Pretrial Diversion: The Premature Quest for Recognition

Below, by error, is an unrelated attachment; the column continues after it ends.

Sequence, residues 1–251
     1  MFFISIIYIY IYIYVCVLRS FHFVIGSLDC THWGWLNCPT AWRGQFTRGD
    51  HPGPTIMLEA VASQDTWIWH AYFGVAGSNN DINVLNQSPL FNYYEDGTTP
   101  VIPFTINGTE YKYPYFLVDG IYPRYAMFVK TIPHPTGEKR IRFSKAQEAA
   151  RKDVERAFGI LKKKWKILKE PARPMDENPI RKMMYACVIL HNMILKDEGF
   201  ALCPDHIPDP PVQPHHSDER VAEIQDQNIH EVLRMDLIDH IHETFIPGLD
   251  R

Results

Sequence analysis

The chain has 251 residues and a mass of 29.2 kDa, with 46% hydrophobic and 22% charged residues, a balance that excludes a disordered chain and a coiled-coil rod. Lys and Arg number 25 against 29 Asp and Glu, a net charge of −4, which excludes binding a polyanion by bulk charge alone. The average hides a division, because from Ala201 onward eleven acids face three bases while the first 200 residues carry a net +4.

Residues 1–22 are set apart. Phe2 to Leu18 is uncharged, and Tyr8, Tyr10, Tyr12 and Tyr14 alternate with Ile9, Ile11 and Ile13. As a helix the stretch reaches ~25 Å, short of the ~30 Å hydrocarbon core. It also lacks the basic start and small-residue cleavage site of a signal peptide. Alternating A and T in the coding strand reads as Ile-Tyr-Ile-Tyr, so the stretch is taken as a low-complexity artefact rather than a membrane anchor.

Pretrial diversion has been one of the most enthusiastically promoted criminal justice reforms of recent years. There are more than forty well-funded diversion programs in operation dealing with more than 10,000 criminal defendants each year. Three federal commissions have referred favorably to diversion and grant programs of both the Justice Department and the Department of Labor which have actively fostered the creation and expansion of diversion programs. Several states are considering legislation to establish diversion as a formal element of the criminal justice system and federal legislation is currently pending. Many advocates of diversion claim that the concept has been empirically established as an effective reform. Their conclusions are typically based on program self-evaluative studies which, on their surface, appear to suggest the successful achievement of reform goals. In fact, however, these studies offer little reliable support for the suggested conclusion. Amid the general enthusiasm, several observers have begun to question both the concept of diversion and its record of goal achievement. Although the questioning is often no more than tentative, it nevertheless suggests that a variety of issues should be closely examined before diversion can be safely implemented on a broad basis. Current data does not support the belief that diversion achieves its stated goals, and further, suggests the possibility that diversion may in fact be detrimental to defendants’ interests.